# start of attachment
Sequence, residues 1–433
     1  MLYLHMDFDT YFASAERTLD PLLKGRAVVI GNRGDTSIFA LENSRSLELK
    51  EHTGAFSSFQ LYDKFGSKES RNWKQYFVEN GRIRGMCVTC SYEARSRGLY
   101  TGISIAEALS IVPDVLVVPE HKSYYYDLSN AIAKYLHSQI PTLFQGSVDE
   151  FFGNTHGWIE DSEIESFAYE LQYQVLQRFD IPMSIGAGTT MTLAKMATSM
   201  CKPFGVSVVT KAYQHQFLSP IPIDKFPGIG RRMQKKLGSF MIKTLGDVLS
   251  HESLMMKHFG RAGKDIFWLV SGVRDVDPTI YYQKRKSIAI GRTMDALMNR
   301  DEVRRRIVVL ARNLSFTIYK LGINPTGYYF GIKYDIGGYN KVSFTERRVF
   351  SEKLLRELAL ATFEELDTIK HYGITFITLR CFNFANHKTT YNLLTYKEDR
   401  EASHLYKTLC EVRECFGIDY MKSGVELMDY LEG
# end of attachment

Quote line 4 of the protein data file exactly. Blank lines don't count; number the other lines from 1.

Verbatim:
   101  TGISIAEALS IVPDVLVVPE HKSYYYDLSN AIAKYLHSQI PTLFQGSVDE